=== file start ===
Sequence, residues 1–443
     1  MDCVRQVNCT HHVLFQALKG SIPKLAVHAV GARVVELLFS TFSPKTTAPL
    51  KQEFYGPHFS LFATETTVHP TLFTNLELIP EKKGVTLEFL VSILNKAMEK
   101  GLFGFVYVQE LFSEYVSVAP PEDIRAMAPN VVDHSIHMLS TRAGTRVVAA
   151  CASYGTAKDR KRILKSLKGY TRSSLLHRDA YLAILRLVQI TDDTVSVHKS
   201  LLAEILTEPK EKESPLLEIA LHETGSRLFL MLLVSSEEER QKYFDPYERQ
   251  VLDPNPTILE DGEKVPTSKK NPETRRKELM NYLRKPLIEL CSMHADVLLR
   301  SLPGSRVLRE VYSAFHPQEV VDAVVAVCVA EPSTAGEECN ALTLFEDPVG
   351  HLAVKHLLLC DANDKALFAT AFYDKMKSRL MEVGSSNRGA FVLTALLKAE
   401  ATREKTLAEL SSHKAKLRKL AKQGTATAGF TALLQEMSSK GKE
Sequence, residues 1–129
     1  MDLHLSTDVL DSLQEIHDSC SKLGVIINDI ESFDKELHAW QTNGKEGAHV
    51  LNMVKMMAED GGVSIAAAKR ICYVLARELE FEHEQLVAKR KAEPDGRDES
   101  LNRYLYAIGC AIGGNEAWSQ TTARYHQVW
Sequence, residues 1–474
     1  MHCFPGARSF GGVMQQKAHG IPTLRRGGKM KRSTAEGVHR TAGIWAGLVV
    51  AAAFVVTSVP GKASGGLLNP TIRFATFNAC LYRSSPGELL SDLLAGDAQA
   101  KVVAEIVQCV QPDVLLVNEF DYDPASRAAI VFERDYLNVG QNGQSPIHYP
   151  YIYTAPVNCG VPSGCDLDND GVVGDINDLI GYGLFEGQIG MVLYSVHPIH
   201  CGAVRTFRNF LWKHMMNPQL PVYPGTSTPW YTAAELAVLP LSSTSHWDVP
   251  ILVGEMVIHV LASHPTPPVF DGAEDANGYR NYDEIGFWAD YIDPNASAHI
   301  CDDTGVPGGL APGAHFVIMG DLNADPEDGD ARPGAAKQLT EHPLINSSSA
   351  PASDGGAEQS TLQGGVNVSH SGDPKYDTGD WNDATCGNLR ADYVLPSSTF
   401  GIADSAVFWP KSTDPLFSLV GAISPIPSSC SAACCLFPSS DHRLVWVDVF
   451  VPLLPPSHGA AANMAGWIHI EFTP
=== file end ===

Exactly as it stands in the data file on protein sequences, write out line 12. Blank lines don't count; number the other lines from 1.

     1  MDLHLSTDVL DSLQEIHDSC SKLGVIINDI ESFDKELHAW QTNGKEGAHV